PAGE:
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Trends in voting by occupation

Here are some graphs Yu-Chieh made from data from the National Election Studies, extending Manza and Brooks’s analysis of voting by occupation up to 2004.

occupation%2Bregression.png

Within each occupatoin class, we’re plotting Republican presidential vote (relative to the national mean each year); you can see some striking trends, with professionals (doctors, lawyers, teachers, etc) going to the Democrats and business owners going to the Republicans, among other patterns.

Our next step is to throw income into the analysis and see income tracks with Republican vote more in some occupation categories than others. (A quick analysis found the difference in voting patterns of rich and poor to be similar in the different occupation categories.)

P.S. There was some problem with the coding for 1972. We’ll have to go back and see what we did wrong for that year. (I’m hoping the other years are ok. They’re roughly consistent with what Manza and Brooks found, so I expect they’re fine.)

7 Comments

  1. "See how income tracks. . . ." I wonder if it will turn out that those who did very well thank you in the Clinton years trended towards the Republicans. If only you also had data for years 2000 to the present to show which groups fell away from the Republicans soonest and farthest.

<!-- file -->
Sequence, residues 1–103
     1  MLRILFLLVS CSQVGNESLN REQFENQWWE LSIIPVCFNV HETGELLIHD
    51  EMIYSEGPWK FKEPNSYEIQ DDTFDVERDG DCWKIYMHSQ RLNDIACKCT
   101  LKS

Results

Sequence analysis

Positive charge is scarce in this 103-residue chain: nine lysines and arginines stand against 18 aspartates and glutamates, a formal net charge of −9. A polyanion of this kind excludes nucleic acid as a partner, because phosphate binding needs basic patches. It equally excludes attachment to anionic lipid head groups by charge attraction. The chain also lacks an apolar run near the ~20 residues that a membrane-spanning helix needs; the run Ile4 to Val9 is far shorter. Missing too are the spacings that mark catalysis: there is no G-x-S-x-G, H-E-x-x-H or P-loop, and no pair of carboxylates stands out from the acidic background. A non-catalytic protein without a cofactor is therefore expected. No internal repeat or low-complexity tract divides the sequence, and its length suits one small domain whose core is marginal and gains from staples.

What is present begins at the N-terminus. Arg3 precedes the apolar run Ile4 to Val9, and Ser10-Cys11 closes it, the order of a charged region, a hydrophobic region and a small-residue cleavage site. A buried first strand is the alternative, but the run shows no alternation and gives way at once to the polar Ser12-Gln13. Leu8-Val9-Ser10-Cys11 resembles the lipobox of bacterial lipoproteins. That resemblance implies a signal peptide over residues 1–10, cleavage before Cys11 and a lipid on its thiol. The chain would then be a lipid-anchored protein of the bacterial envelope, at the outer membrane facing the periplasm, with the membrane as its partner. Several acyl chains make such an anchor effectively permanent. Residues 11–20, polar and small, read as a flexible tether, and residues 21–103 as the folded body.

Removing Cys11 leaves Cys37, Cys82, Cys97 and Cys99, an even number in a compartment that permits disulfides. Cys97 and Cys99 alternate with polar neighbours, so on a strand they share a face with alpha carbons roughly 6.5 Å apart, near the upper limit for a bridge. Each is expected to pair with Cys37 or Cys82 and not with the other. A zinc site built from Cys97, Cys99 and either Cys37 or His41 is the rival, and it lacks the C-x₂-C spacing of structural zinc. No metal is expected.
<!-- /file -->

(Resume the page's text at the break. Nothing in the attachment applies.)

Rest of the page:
2. The 1972 excursion to the Democrats of the "Managers and Administrators" and the "Owners and Proprietors" occupations is very curious, especially in view of the Nixon landslide that year. Would this have been a reaction to the apostasy of his imposition of price controls in 1971?

  3. Hadley says:

    1972 does look very odd – unusual estimates and standard errors. Any explanations? Did anything show up in your initial exploratory data analysis?

  4. Anonymous says:

    Do you have a link to the paper this is from, or is this a work-in-progress that you are coauthoring?

  5. Andrew says:

    Jay:

    I don't know about that, but you can see our recent blog entry for income inequality by state. Different things were happening to rich and poor in different states.

    Minnesota, Hadley:

    I think 1972 had a smaller sample size, but I'm not sure. I agree that it looks funny that the standard errors are so large for all groups that year except professionals and non-full-time-labor-force. Maybe some error???

    Anon,

    The graphs are basically extensions to 2004 of a set of graphs in a book by Manza and Brooks. We're planning to include them in our forthcoming book on Red and Blue America.

  6. Ken Houghton says:

    Looking at those trend lines, it's amazing that a Democrat would ever win and election, let alone two of them.

    What's the distinction being made between "Professionals" and "Routine White-Collar"?

  7. Richard says:

    This may make cell sizes too small, but have you considered a cross of profession by geography (or at least profession by some measure of urbanicity) as well? That would essentially give you a "profession type" by "culture" breakout.